May 4, 2016 | 3:40 am
The city police and the county prosecutor in Seattle thought they had an understanding: The prosecutor assumed the cops wouldn’t be busting pot delivery services for felony weed sales. The cops assumed they could.
So they did, spending a day last month posing as buyers and then arresting the runners who brought them weed for sale, a service that remains outlawed despite a law passed in 2012 that allows adults over 21 to purchase pot for recreational use at state-regulated stores.
The suspects all walked free, following a stern rejection of the police actions by the prosecutor. The bust-buy sting at a rented north Seattle motel room on April 5 was “unwarranted, disproportionate to the harm caused, and would have little or no impact on the delivery business in Seattle,” wrote King County Prosecuting Attorney Dan Satterberg in a letter to police obtained by VICE News. “Consequently, I decline to prosecute.”
The police chief took exception, telling the prosecutor, “We need to send a message that black market sales will not be tolerated.”
For the moment, there is a detente between the two sides, but still no resolution on how the city can best control the illegal delivery of cannabis. City officials have identified at least 24 different companies offering weed delivery — even though Seattle only has 19 licensed recreational marijuana shops.
“These services provide an outlet for marijuana grown by criminal organizations while undermining the legal industry,” the city said earlier this year, noting that the businesses aren’t paying the state’s steep taxes on legal weed, and peddling their product with no oversight on sales to minors or pesticide use in the growing process.
‘The result of this operation was to arrest and book a few individuals at the end of the supply line.’
The problem isn’t limited to just Washington. Three other states — Colorado, Oregon, and Alaska — plus Washington, DC now have laws that permit recreational marijuana use by adults. None currently permit pot delivery, but the services are increasingly common. Other states, including California, allow medical marijuana to be delivered, and some companies have developed apps that let customers use smartphones to place orders that are guaranteed to arrive in an hour or less.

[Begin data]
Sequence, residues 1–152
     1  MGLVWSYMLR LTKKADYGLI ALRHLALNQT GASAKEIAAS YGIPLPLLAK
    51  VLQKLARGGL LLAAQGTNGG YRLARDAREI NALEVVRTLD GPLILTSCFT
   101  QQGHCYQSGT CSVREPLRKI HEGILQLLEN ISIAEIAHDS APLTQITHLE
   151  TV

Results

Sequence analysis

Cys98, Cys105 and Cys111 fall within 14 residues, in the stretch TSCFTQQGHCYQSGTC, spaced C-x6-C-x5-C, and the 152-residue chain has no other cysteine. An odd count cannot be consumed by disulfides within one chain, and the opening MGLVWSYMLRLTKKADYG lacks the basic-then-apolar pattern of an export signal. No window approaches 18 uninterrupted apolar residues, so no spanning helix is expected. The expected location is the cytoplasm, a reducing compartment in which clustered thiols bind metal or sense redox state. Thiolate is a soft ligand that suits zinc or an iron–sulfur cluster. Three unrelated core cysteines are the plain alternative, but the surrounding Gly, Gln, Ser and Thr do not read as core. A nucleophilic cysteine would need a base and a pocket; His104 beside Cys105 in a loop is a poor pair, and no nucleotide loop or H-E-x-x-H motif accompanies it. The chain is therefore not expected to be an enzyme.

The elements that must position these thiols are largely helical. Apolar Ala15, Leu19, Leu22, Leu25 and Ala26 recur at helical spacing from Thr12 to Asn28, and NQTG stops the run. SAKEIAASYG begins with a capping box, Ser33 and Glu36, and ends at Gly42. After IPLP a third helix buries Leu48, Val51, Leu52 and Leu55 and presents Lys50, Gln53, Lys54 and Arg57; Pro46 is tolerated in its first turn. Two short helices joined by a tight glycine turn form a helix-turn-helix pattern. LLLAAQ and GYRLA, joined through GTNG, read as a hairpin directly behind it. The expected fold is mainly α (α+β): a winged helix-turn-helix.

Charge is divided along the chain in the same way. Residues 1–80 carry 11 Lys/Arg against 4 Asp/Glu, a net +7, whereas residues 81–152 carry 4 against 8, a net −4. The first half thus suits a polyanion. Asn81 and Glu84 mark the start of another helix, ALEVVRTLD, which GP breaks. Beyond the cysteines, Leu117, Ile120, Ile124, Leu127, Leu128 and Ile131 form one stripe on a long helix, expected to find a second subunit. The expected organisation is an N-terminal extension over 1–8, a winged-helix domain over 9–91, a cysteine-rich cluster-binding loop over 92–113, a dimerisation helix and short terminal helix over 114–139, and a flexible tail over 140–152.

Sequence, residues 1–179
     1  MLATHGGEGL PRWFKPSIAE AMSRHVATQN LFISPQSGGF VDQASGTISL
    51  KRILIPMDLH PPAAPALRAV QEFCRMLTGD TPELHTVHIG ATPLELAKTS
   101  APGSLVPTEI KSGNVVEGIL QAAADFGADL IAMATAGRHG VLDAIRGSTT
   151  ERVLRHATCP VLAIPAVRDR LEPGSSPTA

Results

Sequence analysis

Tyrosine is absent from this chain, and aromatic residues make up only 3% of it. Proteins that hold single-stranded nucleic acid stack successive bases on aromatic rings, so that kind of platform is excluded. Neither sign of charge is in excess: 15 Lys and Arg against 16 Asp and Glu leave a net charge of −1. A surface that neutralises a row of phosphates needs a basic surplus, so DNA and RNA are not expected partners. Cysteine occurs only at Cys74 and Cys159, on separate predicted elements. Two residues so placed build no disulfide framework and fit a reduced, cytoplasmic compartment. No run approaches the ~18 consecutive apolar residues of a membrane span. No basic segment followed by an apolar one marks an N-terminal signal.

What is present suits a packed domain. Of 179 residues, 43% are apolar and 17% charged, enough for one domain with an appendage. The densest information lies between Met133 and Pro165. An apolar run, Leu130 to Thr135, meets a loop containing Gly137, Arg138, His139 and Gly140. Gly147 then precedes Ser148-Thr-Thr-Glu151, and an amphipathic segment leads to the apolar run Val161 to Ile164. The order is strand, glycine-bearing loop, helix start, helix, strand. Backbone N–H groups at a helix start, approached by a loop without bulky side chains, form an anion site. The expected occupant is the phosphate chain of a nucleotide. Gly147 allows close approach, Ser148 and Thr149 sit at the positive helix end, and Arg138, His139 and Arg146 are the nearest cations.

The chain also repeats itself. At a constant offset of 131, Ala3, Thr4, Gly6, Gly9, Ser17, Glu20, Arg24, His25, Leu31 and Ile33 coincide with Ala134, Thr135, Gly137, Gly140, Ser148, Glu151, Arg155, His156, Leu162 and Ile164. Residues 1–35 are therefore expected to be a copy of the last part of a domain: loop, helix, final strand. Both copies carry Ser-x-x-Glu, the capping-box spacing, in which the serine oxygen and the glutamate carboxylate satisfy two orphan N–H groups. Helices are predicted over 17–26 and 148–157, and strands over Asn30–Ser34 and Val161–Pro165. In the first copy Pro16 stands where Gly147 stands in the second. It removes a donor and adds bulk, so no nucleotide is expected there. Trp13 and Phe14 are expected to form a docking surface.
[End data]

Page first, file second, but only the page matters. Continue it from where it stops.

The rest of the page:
Seattle Mayor Ed Murray and City Attorney Pete Holmes pushed a bill earlier this year in the state legislature that would have created a pilot program for legal marijuana home delivery service in Seattle. The proposal to create what was dubbed “Uber for pot” failed to pass, however, leaving a dilemma: Can the state stamp out the weed black market through legalization and regulation without catering to the demands of consumers? And if cops aren’t allowed to bust pot delivery services, what’s stopping them from continuing to operate?
The day-long operation by Seattle police nabbed seven runners from a half-dozen services easily reached by phone or online, such as Bud Lady and Mr. Green Jeans. Once the suspects arrived with the goods and police completed the buys — worth $150 to $260 each — the runners were arrested, handcuffed, and taken to jail.
Though the cops failed to consult the county prosecutor about the operation, other Seattle officials have publicly called for a crackdown on the delivery services.
“Businesses that currently deliver marijuana undermine our efforts to demonstrate that there is a regulatory alternative to marijuana prohibition,” said Holmes, the city attorney, in a statement issued in January. “All current delivery services are engaged in nothing less than the felony distribution of a controlled substance and must be closed.”